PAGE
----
(Reuters) - Former England midfielder Paul Gascoigne, who has spent several spells in rehab battling alcohol and drug addiction, has called for more help for players dealing with stress-related issues.
Gascoigne said soccer's "macho" culture often deterred players who are constantly in the public limelight from seeking help.
His appeal comes after Everton winger Aaron Lennon was detained under Britain's Mental Health Act last week because of concerns for his welfare.
"There needs to be more done – especially with the guys. It's a macho thing. They think, 'Nah, I'm not doing this because no one will like us'," Gascoigne told ITV's Good Morning Britain.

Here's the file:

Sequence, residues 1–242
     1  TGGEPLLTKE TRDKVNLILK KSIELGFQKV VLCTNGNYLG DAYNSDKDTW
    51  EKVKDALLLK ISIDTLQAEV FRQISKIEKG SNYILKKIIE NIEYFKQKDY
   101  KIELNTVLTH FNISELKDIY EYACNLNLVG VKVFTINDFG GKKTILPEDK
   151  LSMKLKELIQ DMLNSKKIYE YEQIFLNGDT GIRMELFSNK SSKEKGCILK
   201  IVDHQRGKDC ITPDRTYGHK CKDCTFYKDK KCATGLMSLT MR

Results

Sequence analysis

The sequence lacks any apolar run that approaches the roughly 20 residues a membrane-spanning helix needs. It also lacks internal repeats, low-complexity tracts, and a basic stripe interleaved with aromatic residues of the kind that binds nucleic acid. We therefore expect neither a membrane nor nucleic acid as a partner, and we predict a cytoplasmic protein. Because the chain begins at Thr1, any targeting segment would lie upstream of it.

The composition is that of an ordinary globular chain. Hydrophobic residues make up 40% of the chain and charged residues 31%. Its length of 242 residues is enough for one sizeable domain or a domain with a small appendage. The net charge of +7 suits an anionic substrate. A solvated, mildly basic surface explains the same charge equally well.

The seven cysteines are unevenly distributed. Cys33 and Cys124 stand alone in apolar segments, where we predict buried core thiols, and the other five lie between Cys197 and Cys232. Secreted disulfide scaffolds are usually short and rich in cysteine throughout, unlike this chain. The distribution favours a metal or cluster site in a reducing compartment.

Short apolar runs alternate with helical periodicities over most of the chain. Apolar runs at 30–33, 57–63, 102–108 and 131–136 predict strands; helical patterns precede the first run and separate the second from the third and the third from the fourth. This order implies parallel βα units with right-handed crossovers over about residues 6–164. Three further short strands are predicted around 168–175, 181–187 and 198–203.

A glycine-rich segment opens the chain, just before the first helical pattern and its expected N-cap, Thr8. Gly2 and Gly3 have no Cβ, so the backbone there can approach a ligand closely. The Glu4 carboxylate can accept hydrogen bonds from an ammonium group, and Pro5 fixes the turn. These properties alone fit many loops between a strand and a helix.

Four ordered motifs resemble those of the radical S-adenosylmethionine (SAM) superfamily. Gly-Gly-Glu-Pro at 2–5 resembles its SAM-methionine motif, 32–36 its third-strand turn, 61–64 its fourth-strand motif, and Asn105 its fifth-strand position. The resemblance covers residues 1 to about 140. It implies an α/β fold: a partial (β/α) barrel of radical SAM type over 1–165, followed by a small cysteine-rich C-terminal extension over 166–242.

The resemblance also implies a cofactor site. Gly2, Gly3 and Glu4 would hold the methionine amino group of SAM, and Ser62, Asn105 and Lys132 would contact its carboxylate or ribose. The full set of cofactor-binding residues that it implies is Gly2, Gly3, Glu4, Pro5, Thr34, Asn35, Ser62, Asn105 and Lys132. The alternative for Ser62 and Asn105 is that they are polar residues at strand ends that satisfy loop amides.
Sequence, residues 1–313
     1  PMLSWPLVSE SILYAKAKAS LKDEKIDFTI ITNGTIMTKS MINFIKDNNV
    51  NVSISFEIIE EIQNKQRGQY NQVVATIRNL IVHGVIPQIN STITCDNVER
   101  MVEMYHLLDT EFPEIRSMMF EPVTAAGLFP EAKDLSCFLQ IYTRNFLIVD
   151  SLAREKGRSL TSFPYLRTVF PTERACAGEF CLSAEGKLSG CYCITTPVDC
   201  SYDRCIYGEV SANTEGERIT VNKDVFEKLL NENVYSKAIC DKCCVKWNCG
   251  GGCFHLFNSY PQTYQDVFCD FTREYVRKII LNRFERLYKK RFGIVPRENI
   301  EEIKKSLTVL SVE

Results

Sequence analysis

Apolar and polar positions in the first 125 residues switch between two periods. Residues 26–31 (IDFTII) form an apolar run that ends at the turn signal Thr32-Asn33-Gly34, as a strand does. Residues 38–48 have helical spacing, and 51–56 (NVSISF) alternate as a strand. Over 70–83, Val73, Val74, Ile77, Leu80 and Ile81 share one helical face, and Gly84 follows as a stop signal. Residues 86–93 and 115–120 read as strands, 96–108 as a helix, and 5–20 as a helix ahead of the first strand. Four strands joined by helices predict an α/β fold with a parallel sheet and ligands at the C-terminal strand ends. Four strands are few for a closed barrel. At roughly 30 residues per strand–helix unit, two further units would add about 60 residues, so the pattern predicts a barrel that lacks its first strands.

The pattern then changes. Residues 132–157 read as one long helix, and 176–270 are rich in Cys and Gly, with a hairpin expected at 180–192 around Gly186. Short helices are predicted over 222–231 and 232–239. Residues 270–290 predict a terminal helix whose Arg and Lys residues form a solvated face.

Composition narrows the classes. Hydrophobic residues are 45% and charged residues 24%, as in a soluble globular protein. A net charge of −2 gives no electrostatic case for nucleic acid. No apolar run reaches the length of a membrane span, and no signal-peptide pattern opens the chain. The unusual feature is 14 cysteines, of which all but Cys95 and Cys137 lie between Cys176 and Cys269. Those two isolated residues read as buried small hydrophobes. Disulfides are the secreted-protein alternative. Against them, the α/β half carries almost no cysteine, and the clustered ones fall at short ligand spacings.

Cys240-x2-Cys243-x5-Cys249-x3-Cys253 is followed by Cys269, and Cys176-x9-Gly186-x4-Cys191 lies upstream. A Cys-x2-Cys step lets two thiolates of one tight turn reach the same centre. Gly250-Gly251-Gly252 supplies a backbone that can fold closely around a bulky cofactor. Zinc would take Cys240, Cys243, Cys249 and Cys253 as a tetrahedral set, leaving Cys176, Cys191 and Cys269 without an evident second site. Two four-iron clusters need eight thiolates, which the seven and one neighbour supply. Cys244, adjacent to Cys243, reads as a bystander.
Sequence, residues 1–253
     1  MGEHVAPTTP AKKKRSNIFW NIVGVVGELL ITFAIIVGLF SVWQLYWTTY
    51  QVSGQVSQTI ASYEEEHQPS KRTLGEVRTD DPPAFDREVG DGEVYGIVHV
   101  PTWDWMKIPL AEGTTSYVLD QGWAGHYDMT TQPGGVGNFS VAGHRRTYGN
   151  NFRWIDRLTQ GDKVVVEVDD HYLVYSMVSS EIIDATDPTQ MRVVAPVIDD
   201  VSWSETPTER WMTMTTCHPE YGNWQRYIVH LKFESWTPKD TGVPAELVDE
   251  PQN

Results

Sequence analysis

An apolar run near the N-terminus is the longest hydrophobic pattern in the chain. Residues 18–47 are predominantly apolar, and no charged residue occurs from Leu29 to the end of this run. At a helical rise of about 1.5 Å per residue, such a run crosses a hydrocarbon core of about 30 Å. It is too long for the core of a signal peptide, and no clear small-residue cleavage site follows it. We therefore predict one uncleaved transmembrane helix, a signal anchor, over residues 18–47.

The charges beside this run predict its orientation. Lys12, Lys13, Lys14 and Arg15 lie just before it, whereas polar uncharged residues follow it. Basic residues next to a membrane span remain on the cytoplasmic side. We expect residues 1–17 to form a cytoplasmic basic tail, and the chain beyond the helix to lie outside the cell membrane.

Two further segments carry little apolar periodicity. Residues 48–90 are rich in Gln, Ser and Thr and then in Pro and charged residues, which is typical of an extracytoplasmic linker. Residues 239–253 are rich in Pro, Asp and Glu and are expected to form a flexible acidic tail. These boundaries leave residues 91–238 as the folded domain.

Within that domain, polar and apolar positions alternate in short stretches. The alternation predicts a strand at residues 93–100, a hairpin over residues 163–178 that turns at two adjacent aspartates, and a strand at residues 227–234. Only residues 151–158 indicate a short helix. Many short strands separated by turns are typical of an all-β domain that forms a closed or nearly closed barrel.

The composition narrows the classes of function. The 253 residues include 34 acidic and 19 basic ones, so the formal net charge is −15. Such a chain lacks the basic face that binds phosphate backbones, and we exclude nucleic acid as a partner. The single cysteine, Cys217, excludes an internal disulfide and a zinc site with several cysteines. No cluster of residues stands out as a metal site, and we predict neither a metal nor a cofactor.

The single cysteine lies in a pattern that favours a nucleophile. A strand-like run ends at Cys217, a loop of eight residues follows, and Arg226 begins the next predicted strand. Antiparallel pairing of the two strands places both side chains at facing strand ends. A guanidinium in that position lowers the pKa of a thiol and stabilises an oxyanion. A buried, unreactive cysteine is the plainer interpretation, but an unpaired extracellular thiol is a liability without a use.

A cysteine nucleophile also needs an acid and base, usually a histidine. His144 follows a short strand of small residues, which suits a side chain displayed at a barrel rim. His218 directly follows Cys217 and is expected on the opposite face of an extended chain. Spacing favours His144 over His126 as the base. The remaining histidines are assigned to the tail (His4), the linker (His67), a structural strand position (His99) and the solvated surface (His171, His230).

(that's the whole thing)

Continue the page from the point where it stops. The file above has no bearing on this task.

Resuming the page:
Gascoigne said he himself was going through his "worst year ever" following the death of his cousin but that he was now looking forward to a "happy and sober future".
"Sometimes I'm in a good mood and then all of a sudden I wake up and I've got a bottle of gin and I think 'where's that come from?'."
"You look at the Everton player (Lennon), who's just been sectioned ... There's a lot of people who have got everything, but inside they don't share enough," Gascoigne said.
Last week, the Professional Footballers' Association said 178 current and former players had started using a dedicated service to provide help on mental health so far this year, more than in the whole of last year.
"Sometimes their ego's getting battered," he added. "With me, sometimes I needed my ego to be battered and squashed. That's the only way of going forward - by talking about it."
Reporting by Hardik Vyas in Bengaluru; editing by Richard Lough